Greyfriars Burial Ground, Perth
The joy of all things living and a graveyard? An odd combination to say the least but on closer look this is exactly what Greyfriars burial ground in Perth is about and has been through the centuries to this day.
The spirit of Francis of Assisi
In 1460 a Franciscan monastery was founded on this spot. The monks of the Franciscan order wore grey habits, hence the name of the burial ground – Greyfriars. The friars led an austere life but always cherished their joy in God’s creation, wildlife, plants, and birds. The natural world played a major part in their belief which was predominantly Catholic.
Nearly 600 years later this spot is still very much about the natural world and the enjoyment of it, even though it is a graveyard. Today the enjoyment is less spiritual and more environmental but equally important. Biodiversity is the key word. The former monastery has become a sanctuary for birds, bats, and wildflowers, in the true spirit of Francis of Assisi. A safe haven for nature right in the middle of Perth City Centre.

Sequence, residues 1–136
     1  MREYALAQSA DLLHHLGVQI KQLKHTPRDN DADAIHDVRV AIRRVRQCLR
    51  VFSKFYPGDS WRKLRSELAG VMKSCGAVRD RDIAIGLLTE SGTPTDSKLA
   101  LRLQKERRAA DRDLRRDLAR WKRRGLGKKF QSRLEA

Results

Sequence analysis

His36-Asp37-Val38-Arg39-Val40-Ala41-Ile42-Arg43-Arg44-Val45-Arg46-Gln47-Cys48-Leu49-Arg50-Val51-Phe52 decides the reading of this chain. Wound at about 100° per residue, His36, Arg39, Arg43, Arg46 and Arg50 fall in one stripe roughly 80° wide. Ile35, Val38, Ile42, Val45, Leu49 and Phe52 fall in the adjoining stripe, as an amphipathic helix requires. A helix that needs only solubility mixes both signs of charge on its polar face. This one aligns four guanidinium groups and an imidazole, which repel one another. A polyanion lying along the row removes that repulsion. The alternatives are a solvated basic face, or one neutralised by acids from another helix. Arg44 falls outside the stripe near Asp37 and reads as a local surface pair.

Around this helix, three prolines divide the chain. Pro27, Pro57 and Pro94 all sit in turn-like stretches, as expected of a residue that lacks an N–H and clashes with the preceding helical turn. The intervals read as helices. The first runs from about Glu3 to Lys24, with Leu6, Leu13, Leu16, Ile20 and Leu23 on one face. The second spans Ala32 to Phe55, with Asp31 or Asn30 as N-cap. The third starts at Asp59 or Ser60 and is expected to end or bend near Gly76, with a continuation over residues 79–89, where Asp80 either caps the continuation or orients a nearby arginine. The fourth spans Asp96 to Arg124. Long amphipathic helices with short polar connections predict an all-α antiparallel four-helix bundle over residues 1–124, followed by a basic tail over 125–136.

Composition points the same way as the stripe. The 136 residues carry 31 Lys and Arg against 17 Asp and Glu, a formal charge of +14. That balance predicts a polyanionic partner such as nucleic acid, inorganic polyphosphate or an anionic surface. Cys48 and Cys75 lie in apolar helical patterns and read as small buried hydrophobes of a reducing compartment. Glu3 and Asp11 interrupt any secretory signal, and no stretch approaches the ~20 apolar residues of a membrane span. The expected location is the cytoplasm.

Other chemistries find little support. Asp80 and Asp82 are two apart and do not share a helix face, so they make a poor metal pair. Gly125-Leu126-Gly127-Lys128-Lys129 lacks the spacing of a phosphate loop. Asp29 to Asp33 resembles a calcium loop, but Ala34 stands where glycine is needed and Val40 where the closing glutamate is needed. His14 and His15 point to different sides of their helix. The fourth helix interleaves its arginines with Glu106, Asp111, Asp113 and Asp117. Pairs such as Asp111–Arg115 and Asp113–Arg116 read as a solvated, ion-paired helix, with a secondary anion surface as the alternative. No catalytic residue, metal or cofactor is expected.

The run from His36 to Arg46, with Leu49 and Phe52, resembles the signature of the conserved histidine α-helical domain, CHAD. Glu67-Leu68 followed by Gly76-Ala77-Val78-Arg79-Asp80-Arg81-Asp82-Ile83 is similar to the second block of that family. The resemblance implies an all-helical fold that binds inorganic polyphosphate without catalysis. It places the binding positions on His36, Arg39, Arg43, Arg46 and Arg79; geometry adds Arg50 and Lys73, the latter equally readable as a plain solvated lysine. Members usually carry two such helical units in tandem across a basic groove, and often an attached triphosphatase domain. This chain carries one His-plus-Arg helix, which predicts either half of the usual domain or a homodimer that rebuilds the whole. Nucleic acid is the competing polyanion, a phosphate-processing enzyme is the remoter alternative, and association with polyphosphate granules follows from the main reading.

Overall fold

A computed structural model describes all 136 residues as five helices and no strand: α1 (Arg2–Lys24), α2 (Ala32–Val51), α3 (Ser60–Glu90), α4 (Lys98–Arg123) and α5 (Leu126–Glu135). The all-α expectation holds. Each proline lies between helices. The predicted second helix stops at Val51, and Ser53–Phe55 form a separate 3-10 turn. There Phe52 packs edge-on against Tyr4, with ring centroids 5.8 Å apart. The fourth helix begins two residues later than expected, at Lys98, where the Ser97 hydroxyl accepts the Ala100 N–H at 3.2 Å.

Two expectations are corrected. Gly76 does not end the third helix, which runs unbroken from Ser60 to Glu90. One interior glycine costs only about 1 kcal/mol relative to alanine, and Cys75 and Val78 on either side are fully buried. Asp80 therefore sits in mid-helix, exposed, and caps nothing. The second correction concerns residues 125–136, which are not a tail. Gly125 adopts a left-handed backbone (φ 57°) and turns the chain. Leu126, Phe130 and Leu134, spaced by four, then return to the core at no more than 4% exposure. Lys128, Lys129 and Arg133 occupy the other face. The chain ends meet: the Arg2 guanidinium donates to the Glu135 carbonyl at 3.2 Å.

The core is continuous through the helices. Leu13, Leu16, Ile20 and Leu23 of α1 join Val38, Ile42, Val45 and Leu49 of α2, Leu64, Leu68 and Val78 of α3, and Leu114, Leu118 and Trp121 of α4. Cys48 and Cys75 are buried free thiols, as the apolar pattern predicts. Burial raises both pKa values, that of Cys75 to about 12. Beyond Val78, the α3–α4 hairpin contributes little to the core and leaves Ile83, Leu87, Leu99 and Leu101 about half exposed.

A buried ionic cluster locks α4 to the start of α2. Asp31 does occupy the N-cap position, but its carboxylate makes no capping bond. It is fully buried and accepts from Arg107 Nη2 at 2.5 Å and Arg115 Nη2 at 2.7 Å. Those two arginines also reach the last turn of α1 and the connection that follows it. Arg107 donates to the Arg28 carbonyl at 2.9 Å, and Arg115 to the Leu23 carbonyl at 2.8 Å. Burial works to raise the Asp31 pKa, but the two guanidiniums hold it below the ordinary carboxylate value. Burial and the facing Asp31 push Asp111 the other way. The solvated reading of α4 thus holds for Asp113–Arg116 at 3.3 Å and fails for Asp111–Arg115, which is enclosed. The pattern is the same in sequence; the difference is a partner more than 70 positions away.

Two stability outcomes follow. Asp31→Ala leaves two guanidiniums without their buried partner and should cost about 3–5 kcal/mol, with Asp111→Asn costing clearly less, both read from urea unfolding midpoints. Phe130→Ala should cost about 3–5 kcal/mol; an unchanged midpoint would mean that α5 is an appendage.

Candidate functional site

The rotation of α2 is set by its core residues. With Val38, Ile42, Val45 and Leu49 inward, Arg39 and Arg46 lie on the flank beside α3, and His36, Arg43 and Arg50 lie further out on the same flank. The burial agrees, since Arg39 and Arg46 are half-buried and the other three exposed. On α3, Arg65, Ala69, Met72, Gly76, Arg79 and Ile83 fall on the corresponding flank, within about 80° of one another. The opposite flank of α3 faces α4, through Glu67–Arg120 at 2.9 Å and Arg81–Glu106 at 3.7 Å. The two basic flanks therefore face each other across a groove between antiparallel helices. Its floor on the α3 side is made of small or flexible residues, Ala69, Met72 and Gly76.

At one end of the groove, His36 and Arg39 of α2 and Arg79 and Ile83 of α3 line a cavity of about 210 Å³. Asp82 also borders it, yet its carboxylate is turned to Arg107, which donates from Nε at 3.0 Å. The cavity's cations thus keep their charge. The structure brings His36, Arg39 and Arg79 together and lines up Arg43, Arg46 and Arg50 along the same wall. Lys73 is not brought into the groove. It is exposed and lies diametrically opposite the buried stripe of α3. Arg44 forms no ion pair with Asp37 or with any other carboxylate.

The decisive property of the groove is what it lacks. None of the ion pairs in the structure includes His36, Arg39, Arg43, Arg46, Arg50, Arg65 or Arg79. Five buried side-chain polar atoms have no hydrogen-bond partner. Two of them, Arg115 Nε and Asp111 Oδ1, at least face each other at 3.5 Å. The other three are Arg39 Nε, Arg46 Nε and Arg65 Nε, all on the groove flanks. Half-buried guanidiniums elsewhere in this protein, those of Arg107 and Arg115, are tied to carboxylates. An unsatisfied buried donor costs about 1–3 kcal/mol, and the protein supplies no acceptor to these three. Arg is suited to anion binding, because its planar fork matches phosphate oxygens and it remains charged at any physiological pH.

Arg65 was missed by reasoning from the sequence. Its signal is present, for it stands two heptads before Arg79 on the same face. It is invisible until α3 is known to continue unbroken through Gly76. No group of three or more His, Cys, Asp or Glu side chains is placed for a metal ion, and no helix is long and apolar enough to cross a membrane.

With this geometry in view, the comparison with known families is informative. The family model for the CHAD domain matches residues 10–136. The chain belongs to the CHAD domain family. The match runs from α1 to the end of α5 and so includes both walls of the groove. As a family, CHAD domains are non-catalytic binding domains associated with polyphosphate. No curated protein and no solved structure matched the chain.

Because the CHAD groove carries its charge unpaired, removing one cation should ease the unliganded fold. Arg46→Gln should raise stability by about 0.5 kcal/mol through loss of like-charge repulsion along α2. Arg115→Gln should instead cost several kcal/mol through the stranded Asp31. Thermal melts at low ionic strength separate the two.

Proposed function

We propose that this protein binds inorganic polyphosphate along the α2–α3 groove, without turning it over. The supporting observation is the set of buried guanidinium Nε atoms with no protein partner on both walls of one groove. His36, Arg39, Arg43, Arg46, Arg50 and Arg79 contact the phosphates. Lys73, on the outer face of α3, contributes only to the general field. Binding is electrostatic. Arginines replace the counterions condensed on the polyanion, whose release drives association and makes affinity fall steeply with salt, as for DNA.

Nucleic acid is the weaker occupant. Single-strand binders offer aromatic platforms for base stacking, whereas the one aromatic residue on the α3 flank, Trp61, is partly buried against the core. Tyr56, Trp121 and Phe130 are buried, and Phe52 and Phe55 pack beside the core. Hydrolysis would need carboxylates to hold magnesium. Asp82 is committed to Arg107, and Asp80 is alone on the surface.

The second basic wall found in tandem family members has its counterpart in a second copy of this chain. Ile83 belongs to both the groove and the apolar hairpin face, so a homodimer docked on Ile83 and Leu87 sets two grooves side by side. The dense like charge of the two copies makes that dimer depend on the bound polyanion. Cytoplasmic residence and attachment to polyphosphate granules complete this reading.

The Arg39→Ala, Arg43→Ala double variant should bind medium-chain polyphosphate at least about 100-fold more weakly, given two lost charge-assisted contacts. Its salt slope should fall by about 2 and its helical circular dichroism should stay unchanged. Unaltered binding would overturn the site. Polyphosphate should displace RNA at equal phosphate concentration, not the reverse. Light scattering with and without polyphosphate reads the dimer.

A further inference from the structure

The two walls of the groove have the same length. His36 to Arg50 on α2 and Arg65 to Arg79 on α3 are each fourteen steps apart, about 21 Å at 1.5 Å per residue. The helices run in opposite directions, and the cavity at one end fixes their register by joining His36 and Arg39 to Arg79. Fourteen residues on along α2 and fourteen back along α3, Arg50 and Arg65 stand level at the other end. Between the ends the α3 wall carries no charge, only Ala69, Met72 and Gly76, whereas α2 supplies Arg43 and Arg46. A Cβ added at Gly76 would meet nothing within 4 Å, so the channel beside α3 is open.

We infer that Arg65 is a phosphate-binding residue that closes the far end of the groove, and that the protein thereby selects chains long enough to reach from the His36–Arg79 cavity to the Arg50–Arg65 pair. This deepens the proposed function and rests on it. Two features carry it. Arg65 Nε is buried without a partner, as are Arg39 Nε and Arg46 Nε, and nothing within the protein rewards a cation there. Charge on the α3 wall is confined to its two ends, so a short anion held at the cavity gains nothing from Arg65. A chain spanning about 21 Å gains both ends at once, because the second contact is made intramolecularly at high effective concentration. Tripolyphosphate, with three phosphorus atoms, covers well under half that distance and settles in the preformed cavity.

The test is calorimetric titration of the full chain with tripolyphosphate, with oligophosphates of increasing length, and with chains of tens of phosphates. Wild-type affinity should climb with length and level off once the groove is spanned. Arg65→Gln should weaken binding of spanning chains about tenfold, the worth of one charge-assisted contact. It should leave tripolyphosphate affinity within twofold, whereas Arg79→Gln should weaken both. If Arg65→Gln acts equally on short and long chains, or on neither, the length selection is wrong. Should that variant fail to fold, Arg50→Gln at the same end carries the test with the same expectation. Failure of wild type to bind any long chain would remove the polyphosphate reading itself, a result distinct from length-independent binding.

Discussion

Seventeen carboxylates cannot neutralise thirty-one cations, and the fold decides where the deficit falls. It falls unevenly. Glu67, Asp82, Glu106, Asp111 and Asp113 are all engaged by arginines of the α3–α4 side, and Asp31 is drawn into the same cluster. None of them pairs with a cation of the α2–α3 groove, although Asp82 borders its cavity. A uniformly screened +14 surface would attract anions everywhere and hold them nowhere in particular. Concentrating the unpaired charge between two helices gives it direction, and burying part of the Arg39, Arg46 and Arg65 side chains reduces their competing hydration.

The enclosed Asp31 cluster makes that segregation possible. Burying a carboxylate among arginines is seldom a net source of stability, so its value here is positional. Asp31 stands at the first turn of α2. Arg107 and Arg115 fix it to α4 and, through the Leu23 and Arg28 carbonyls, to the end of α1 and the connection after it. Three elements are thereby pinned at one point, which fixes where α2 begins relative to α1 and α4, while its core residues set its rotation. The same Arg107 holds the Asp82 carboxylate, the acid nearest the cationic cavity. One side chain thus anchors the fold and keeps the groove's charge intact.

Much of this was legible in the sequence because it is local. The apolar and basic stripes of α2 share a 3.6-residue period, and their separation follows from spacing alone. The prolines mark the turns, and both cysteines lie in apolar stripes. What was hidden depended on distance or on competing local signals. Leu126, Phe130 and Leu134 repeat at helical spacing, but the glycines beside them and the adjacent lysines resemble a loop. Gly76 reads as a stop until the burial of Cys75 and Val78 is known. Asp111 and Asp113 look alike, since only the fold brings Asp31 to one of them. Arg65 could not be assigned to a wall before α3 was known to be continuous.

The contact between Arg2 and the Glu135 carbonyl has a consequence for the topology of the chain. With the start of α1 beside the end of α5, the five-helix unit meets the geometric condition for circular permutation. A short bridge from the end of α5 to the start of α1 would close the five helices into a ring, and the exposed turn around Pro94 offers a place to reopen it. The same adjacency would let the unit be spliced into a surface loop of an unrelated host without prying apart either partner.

The friary was dissolved in 1559 and a few years later converted into a burial ground since the existing graveyard in Perth had no more space, a phenomenon not only happening in Perth but also in Dundee and Edinburgh.
In modern times of course the space was not enough for all the burials in a city the size of Perth. But even after the vast Wellshill cemetery was put in use, burials still happened at Greyfriars until 1978. The earliest stone dates back to 1580, nearly 400 years of graveyard history.
The trades play a prominent part on the older gravestones, the intricate carvings on the local sandstone are now protected under a roof at the far end of the burial ground.
The merchant and candle maker John young died in 1745, the 4-M is a merchant sign, and a bunch of candles states his trade where headstones of this period often display the winged soul.
Very suitable for Daniel Cameron who was a gardener in the late 18th century and very suitable for Greyfriars burial ground where nature and the joy in all things living plays as important a role today as it did centuries ago.